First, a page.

Tags: A View from the Easel, artist studios, Barbara Rosenthal, John Tomlinson, Julia Schwartz, Meghann Snow, Michelle Muldrow
This photo of a corner of my studio was taken on May 16, 2011, when I was setting up for a studio visit. I’m halfway between testing out projections and cleaning up the pile of workbooks, scrapbooks and references that accompany production.
You can see a part of one of the many neons here, and part of my 7,000 book library, and the door to my darkroom. In the center is my main electronic media pod, constructed from mismatched file cabinets and hollow-core-door counter tops all found on the street or bought cheap. There’s my old MOOG synthesizer and a natural light lamp and a video projector.
On the short wall is a pull-down screen running the DVD “Push Me.” On the long wall are five prints from the suite Conceptual Photographs, 2011. Out of camera range, but visible to me, are six more filing cabinets, a 10-drawer print file, two clear white work counters, one small desk and chair, six 20″x30″ framed photo-print collages and large windows overlooking the Hudson River at the point the sun and moon set every day.
This live/work space is eMediaLoft in the Westbeth Artists Complex, so I occasionally develop projects with or for other artists, but mostly I’m by myself working on several things simultaneously in an unusual time-pattern. I almost always watch the dawn and sunset, and a 24-hr period does not divide into “day” and “night,” but usually has two wake-sleep cycles. Work-times and sleep-times alternate without regard to hour. And I assign all “out-of-studio” things to the same day (and as infrequently as possible). This pattern allows me long, unbroken periods of many days or even weeks without leaving here, just a zen-like work-sleep-work-sleep-work routine, usually silent.
My studio is in an old Elevator Factory building in Cleveland. I love it. It has enormous windows, one facing the elevated train tracks that run through town, the other facing the many red brick buildings surrounding the area. Oddly,I am just a few blocks from Lake Erie, but you would never know, since it is mostly industrial along the lakefront.
I always bring my little Chihuahua mutt Little Bit to my studio. She is 12 years old and sits with me while I paint. My floors are always trashed because I paint on the floor, usually only using my easel to prop up nearly finished works for decision making.
Because Cleveland can be very grey in the winter, you can see my heater and my lights that I paint by: a big tungsten light for warmth of lighting, which works as a nice heater, and a large fluorescent bulb. My antique architect table is from an estate sale. I bought it very cheaply and the large cabinet in the corner is from another estate sale. It was found in the garage and it’s perfect for storing paints. The vibe of this studio is amazing.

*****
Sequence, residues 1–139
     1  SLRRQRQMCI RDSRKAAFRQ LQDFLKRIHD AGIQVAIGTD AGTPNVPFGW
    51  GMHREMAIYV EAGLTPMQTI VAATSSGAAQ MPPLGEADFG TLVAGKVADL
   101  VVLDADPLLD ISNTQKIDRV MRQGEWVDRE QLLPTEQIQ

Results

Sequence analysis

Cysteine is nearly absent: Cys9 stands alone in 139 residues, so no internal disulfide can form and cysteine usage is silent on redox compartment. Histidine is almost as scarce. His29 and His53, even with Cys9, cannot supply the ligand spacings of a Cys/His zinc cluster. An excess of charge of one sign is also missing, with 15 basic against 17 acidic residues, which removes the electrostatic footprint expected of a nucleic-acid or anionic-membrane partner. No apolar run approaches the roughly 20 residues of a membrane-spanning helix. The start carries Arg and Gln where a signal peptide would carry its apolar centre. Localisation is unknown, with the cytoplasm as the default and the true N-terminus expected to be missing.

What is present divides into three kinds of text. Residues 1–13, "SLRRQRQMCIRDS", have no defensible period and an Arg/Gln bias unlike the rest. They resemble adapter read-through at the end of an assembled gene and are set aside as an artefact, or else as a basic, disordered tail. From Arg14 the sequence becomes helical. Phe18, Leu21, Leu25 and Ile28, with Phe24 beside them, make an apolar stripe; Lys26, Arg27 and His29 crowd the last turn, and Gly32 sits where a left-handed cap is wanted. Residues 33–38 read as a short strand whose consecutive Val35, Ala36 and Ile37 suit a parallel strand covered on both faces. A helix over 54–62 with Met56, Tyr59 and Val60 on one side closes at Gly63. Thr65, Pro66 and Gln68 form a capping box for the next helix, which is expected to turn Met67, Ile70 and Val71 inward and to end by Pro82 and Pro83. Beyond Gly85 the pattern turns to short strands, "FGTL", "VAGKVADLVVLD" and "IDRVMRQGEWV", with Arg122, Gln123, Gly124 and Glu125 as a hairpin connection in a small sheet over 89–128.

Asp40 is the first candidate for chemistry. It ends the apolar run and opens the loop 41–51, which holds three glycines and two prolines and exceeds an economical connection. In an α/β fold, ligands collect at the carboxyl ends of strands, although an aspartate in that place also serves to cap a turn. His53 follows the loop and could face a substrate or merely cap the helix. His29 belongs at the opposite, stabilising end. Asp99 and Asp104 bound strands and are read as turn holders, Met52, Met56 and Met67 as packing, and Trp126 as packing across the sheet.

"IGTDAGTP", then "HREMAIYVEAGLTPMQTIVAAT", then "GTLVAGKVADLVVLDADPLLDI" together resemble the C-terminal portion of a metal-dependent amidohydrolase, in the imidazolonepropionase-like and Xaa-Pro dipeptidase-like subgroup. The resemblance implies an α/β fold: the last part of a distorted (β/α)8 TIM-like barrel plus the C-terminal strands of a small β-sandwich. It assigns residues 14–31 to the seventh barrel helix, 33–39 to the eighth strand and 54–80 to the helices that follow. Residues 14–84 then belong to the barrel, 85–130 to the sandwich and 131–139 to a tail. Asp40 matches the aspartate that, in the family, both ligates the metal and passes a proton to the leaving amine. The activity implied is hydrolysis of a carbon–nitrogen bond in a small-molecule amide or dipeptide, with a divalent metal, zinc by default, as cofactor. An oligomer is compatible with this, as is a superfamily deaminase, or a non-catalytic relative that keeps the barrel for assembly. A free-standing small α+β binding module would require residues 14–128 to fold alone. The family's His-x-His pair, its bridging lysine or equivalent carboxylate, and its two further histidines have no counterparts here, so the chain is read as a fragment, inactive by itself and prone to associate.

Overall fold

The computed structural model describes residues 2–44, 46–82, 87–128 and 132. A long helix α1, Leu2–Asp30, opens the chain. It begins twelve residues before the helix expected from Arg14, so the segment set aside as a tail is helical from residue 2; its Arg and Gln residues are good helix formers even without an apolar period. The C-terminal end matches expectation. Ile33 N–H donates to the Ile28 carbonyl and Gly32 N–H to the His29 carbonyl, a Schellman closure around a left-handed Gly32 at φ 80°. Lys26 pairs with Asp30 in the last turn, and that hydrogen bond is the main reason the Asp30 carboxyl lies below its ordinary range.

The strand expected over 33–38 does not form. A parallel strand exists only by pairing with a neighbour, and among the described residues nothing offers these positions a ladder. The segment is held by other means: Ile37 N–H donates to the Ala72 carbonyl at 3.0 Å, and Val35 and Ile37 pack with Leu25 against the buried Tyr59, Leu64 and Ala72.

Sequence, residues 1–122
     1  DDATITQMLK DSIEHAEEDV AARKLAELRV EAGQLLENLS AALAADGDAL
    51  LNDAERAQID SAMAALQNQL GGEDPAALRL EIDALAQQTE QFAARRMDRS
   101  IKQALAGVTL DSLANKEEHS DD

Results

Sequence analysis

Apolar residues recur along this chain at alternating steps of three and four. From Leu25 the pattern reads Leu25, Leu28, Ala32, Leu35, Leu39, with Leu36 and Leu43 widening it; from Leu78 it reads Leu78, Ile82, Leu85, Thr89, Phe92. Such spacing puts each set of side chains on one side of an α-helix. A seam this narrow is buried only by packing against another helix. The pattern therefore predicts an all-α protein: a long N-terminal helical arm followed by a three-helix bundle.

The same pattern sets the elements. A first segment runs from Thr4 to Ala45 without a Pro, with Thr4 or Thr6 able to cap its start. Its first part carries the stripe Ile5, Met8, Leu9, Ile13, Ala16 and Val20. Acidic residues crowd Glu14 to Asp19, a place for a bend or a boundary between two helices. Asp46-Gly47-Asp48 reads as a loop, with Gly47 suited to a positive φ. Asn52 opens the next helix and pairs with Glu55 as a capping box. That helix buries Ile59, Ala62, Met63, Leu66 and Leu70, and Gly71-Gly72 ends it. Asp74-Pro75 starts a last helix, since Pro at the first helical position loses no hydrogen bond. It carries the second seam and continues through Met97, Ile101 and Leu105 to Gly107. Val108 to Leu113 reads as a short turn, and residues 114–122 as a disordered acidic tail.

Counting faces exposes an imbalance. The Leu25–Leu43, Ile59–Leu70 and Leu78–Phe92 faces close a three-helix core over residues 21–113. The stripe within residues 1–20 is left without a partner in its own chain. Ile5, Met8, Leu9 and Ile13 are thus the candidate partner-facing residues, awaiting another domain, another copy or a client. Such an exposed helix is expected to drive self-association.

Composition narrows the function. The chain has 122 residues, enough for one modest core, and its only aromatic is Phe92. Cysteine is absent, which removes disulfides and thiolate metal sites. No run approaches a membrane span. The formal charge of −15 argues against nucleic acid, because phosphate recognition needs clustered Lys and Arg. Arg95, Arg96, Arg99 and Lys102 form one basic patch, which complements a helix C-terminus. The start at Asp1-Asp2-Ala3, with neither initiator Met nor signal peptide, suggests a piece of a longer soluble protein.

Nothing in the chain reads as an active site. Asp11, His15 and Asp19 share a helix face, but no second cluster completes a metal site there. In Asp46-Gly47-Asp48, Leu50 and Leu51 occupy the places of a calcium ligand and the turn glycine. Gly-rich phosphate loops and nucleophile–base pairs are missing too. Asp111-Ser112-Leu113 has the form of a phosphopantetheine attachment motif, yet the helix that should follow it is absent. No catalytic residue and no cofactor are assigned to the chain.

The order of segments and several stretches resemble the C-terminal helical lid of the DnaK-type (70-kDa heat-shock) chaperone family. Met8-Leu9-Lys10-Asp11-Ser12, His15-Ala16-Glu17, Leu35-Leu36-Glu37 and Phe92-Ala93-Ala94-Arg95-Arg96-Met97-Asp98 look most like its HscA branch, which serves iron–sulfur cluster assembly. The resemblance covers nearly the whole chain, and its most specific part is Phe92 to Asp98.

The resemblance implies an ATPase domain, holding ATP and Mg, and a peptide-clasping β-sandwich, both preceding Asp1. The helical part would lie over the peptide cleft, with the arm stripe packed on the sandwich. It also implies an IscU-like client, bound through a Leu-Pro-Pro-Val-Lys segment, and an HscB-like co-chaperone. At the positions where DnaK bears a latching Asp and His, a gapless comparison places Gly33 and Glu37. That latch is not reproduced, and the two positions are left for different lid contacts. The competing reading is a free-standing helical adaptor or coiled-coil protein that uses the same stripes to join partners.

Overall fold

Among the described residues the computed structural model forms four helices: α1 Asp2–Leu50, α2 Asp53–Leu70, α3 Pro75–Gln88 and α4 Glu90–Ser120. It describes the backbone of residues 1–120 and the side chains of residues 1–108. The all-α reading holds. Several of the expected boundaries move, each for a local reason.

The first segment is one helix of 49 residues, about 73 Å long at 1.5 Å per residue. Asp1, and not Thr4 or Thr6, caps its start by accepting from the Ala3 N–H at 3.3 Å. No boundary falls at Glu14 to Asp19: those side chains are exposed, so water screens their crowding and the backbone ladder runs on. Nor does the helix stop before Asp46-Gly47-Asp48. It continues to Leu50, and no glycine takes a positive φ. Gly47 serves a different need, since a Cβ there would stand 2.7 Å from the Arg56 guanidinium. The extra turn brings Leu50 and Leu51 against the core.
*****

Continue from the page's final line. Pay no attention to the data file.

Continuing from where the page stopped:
My studio is 100 miles northwest of New York City in the Upper Delaware River Valley of New York State. I share the studio with my wife Daria Dorosh. It’s adjacent to our stone house and is on five acres of beautiful hilly land. I have spent half my week there for the last 14 years. It’s a huge contrast to our city life and work where I am director of the New York Studio Residency Program, but I can’t imagine a more perfect place to make my art. I get a lot done here. My materials — graphite powder, 9B graphite sticks, pencil, mineral spirits, Bristol paper or polyester drafting film — are the focal point of my studio and my work: drawings, always drawings.
Several years ago, we converted our garage into a studio. On painting days, after the house clears out and I’ve checked email, I’ll head outside and see what is awaiting me from the previous session.
The radio is usually tuned to NPR or an iPod is queued to my mood or the series I’m working on. I usually work on several paintings at a time, moving from one to the next, maybe experimenting with works on paper in between. I have a large glass palette (which I had cut to size locally) which I clean only rarely, so the history of many weeks and months of paintings is a constant companion on the palette, in the dirty oil and dirty brushes (just out of sight in this photo).
My studio is only 8 feet by 24 feett. So it’s kinda narrow and long. This is what the studio looks like when I am working on a Dance Drawing. I don’t work on an easel, but I consider my floor my easel.
My daily routine is: come to my studio and make ballet shoes out of bubble wrap and tape; work on some dance drawings, or other drawings, or on video of documentation. Lately, I have been traveling with my work, and creating dance drawings in Paris and in Stockholm. I am currently getting ready for a couple of shows which I will perform in their spaces.